Wedding Jewelry!

It’s strange for me to be so excited about the jewelry. I almost never wear any jewelry in my day to day life. I don’t even put in earrings except on rare occasions. So you’d never know it to look at my geeky self, but I LOVE over the top, ridiculous costume jewelry. Gaudy? Yes, please. That’s what I’m going for. I want to feel like a queen, nay, a goddess!

The only piece of jewelry here that is “real” is my engagement ring and even that is very cheap compared to the usual cost of such things. I’ve just never felt comfortable owning nice jewelry. I don’t want the responsibility in case I lose it.

But I had a lot of fun picking out these pieces for my wedding, most of them from ebay!

#1: Bangles! You’re never fully dressed without your bangles. That’s what the girls in my bharatnatyam class used to tell me. I often shock people with being bare-wristed at events. Ooops. It’s hard for me to remember that I’m supposed to put on jewelry. Also, I have extremely tiny wrists and usually have to buy child sized bangles. I’m not sure how well these are going to stay on me.

#2: The “necklace set.” I’m making a weird face there. Just trying to hold the tikka on while I take the picture with my other hand. Luckily my wedding hair style gives the hooks plenty to hang onto and I won’t have to worry about it falling off.

Individual elements of the set:

Necklace. I probably need to make it a little tighter and closer against my neck. I love the red and gold with the flower-like shape in the center. Luckily my dress’s embroidery ended up having both gold and silver elements so my jewelry will match okay.

The tikka is something I bought separately from the necklace. The necklace set came with its own forehead drop, but I wanted the pieces that go down the sides of the face too. You can see that the metal is a slightly different tone from the necklace, but I think it’s close enough!

The earring match the necklace set and dangle pretty low. I was only able to get one of them in for this photo shoot! My mother is allergic to metal and I seem to be mildly allergic too because my ears get very bothered by having earrings in. The other side is puffy and bloody now from me trying to get the other earring in! I’m going to need to wear some heavy earrings in the days leading up to my wedding to make sure the holes are big enough to work.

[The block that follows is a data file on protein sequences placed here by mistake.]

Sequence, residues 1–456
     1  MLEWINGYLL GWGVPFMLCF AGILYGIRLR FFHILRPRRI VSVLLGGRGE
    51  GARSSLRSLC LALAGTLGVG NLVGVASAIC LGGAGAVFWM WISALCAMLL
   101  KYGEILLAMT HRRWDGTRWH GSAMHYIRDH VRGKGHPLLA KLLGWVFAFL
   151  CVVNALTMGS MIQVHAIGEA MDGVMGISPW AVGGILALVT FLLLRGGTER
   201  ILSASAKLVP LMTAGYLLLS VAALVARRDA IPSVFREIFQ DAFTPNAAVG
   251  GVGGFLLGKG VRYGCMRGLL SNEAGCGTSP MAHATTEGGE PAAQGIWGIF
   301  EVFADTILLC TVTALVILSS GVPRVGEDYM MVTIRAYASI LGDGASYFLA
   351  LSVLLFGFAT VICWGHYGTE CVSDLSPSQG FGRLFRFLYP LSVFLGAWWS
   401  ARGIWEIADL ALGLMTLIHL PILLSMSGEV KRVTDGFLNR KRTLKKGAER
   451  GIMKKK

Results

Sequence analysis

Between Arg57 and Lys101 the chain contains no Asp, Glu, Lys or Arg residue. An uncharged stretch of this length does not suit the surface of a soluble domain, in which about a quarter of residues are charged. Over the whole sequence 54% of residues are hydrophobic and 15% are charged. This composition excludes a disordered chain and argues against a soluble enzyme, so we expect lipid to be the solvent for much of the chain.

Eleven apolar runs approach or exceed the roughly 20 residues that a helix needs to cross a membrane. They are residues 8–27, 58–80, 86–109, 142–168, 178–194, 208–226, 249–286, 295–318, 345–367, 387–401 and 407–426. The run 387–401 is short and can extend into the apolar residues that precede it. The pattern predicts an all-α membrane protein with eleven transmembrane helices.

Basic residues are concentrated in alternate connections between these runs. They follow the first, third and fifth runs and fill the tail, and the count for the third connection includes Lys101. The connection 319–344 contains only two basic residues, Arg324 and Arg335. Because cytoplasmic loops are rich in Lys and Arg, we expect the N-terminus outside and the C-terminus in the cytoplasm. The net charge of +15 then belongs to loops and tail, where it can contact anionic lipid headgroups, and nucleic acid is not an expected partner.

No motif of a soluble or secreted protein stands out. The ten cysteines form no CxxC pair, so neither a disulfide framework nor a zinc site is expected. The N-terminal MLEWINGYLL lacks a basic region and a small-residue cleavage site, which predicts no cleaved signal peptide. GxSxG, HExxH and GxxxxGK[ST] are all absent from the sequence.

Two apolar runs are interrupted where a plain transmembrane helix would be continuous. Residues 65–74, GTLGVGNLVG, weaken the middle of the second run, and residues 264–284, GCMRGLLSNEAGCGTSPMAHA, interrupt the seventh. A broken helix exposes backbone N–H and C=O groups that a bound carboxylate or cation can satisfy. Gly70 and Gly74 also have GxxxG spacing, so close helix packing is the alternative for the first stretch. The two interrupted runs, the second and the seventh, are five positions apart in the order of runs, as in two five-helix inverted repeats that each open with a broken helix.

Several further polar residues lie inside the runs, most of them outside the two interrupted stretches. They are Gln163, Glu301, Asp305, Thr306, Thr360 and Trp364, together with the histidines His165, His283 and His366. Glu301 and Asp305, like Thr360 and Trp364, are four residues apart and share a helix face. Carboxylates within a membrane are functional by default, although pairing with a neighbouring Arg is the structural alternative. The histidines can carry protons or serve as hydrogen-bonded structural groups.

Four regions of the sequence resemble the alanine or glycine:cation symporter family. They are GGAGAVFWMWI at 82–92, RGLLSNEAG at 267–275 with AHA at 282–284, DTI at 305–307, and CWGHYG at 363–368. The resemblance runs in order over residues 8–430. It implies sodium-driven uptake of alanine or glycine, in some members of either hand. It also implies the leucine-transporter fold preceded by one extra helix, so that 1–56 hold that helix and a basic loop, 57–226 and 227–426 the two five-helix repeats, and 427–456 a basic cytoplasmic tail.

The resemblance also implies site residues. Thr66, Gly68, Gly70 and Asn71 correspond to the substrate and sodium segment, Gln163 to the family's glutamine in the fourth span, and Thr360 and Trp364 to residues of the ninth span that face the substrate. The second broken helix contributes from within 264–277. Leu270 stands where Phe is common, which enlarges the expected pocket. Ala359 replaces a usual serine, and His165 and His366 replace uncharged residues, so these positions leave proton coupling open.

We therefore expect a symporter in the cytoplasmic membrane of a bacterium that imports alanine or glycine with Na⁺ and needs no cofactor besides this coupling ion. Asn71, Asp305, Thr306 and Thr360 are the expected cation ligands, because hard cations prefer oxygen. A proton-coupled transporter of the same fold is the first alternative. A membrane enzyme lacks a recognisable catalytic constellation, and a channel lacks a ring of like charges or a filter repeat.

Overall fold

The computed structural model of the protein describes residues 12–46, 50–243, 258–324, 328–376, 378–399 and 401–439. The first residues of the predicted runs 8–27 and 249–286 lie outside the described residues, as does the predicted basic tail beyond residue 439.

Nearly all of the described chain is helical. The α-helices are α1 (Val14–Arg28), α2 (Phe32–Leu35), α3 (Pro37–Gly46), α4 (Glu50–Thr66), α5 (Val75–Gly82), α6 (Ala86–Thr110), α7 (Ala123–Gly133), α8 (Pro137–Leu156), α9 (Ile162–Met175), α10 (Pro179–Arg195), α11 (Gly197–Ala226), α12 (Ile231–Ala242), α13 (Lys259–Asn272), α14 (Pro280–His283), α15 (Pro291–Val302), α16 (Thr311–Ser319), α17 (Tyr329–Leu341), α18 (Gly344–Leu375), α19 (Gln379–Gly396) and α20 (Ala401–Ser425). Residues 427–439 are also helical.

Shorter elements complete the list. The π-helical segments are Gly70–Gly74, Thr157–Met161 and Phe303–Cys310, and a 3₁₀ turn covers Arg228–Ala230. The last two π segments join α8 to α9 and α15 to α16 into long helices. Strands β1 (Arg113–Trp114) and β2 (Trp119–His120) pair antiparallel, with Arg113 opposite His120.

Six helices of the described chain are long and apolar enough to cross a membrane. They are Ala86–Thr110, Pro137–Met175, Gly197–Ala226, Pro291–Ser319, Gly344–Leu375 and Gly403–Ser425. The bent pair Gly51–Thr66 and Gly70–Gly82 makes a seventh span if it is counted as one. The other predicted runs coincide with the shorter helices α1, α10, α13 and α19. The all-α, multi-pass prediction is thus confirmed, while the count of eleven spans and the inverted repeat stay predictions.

#3: The Mangala Sutra. I’m so looking forward to wearing this necklace every day for the rest of my life. This is traditionally the equivalent of a wedding ring for Hindus. The pendant is usually connected to the family in some way. I just got one that I thought was beautiful. During the ceremony, Brad will place this around my neck.

#4: Toe rings. Another symbol of marriage for women is silver toe rings on the toe next to the big toe. Because gold is considered a pure metal, it is only worn above the waist. Below the waist jewelry is all silver.

#5: Anklet. My future mother-in-law is the jewelry expert in my life. She found this bell anklet from her trip to India many years ago and gave it to me to wear at the wedding. I will jingle like I do at bharatnatyam!

#6: The wedding band. It’s hard to see the detail with my iPod camera, I’m afraid. It really matches my engagement ring perfectly. This was another find by my future mother-in-law. It’s an old family ring of hers.

And actually, I don’t think I’ve shown you the engagement ring itself…

I’m not a big fan of diamonds (even though it is my birth stone), but again my future mother-in-law gifted me the central diamond from a pair of earrings of hers. We brought it with us to a jewelry store, me and Brad and his mom. It was a really nice experience to get to share with her. We picked this clearance priced setting!

Oh yeah, I’m feeling excited. I think I am going to feel BEAUTIFUL the day of. I just have to be careful not to try to wear all of the jewelry, every kind of jewelry! With this much of it, though, I think my cousin who is a makeup artist will be able to put a very strong look on me and have it work.

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About Ambaa Choate

Ambaa is an American woman of European ancestry who is also a practicing Hindu. She is fascinated with questions of philosophy, culture, and the meaning of life. Join her in the journey to explore how a non-Indian convert to Hinduism experiences her religion.


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